RTW Venture (RTW ) is hunting for ‘new Rockets’, after the gene therapy platform company which it helped set up drove strong returns last year for the public and private life sciences portfolio.
The £288m Guernsey-based investment company, run by US-based RTW Investments, delivered a 54% net asset value (NAV) total return over 2020.
Since its London listing in October 2019 to end of March, RTW Venture generated a 78.6% return on the underlying portfolio, according to the latest factsheet. The shares have risen 86% since launch to $1.86, although they have pulled back from a mid-February peak of $2.44.
At the same time more established £1.4bn rival Syncona (SYNC ), which has a similar model of building and funding life sciences companies itself based on innovative science, has seen its shares go sideways as they have failed to generate much momentum since a strong 2018.
After making more investments than expected last year, the RTW fund is also likely to raise more money this year, as well as launching a sterling share class as it seeks a premium listing on the London Stock Exchange – a step that should also increase availability on UK retail investment platforms.
US-listed Rocket Pharmaceuticals has been, by far, the most significant driver of those gains.
The company has been a large position since launch but share price rises following positive data in several drug trials, most significantly for treatments for Danon disease in December, swelled the position to 41% of RTW Venture’s NAV at the end of 2020.
Stephanie Sirota, chief business officer at RTW, pointed out that after a pull-back in the share price – a sector-wide trend since February – that had come back to about a third of the portfolio today. They still have no intention to sell, but she said they ‘wouldn’t be running a fund with one stock in’.
Sirota said that Rocket, whose chairman Roderick Wong is also managing partner and chief investment officer at RTW, was more diversified than appreciated. It is an umbrella gene therapy vehicle with academic research which could have been the foundation for four or five companies rather than a single business.
Rocket is also working on two different types of viral vector delivery, a tool for delivering genetic material into cells, while the nature of its platform could see success beget success – in contrast to the binary outcomes associated with some biotech firms.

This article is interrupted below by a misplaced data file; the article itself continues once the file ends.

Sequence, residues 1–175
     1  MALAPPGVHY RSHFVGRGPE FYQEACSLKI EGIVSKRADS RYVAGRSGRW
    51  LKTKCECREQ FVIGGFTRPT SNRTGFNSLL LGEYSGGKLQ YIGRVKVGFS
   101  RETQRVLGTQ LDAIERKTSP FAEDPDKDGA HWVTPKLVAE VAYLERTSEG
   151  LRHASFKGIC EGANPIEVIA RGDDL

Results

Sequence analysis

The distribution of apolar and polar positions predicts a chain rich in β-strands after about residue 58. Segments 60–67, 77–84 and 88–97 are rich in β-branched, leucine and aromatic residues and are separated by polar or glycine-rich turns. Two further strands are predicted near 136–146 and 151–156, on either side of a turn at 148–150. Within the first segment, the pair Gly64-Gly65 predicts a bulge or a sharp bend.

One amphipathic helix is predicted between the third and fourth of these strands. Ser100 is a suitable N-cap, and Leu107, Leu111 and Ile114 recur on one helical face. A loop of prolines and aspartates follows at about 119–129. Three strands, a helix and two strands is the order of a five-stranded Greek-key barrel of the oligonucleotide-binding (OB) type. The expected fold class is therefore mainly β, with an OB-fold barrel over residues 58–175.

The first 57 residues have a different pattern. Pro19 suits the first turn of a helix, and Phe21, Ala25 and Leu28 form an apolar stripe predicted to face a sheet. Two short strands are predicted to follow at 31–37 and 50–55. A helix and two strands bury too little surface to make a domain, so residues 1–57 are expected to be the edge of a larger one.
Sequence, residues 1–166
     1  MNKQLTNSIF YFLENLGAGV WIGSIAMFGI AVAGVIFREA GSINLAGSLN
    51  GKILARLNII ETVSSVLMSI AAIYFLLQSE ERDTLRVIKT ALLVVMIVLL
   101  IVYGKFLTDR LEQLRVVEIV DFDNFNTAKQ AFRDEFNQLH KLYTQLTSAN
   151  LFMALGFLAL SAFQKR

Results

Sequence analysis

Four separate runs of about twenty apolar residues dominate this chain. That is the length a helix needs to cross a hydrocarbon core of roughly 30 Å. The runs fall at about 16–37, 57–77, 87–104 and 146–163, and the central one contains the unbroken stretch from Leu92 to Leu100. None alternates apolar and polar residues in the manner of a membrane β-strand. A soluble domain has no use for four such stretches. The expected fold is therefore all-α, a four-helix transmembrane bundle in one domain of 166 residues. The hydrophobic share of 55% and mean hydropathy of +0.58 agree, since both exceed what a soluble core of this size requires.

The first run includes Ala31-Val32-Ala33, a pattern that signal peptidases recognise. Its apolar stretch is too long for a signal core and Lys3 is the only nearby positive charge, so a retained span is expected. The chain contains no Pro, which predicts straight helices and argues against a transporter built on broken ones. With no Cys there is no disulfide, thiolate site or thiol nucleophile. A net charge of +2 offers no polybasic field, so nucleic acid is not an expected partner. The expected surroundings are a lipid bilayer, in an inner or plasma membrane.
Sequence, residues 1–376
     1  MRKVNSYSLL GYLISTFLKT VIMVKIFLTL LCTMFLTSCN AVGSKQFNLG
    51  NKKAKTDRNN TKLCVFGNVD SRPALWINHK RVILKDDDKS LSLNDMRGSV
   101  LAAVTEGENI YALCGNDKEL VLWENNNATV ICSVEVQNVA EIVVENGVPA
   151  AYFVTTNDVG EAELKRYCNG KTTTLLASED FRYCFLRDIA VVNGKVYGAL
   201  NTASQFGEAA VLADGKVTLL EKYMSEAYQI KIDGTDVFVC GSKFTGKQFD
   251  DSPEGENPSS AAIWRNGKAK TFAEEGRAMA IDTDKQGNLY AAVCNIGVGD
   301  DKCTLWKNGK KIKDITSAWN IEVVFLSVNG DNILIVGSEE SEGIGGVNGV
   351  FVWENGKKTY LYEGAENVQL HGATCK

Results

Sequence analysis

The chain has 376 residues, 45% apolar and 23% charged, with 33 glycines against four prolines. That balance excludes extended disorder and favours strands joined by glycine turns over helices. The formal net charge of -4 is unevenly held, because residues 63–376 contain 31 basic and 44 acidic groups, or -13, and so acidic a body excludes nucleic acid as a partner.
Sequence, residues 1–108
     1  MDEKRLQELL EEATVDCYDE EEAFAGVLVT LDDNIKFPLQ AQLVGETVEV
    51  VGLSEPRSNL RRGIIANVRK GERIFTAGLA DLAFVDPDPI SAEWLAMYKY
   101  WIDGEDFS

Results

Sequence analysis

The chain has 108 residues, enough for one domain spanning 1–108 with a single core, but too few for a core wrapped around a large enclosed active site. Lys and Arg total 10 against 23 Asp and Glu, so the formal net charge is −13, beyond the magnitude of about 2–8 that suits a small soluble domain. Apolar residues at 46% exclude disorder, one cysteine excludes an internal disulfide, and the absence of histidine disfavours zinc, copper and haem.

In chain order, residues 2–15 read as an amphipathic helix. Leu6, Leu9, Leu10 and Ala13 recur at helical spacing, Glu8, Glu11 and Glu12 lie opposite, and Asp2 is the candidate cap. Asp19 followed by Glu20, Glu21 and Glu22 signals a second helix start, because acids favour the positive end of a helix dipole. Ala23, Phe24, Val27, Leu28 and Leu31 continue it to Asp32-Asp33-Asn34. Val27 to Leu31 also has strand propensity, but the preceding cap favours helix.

‘The beautiful thing about gene therapy as a technology is that it’s modular and can be refined and then delivered to treat a whole swathe of diseases,’ said Sirota.
‘The goal is that Rocket will continue to expand its pipeline and we think they’re just getting started,’ she added.
‘New rockets’, bumper IPOs
The aim now is to build potential ‘new Rockets’.
Chief among those is China’s Ji Xing, set up by RTW in early 2020, which had been a target since launch. The Shanghai-based ‘platform company’ is designed to leverage relationships in the US and Europe, developing and distributing innovative drugs in the Chinese market.
The company is just 1.3% of NAV at present, but entered into an agreement last year to commercialise a novel cardiac myosin inhibitor in China. It is expected to raise more money in the middle of this year.
RTW Venture launched with six portfolio companies in 2019, added 15 in 2020, before augmenting that with another seven names in 2021, according to an RTW presentation. As of the end of March, about a third of the portfolio was still in ‘non-core’ holdings, where the fund invested only after an initial public offering (IPO).
After Rocket, the next biggest driver of performance last year was the IPOs of the six holdings that went public, including second position holding Avidity, an RNA medicines company.
With RTW Venture being ‘nearly out of cash’, as Sirota put it, and sourcing new investments more quickly than expected they are considering another share issue this year. That will also dilute the exposure to Rocket.
Sirota acknowledged that after a very strong 2020 for the biotech sector, there was some risk of a slowdown in the IPO market. But ultimately, they believe a climate of exciting medical developments is justifying valuations.
‘It might not be as attractive as it was last year but there are still a ton of companies that need capital and they will go public in one way or another,’ she said.
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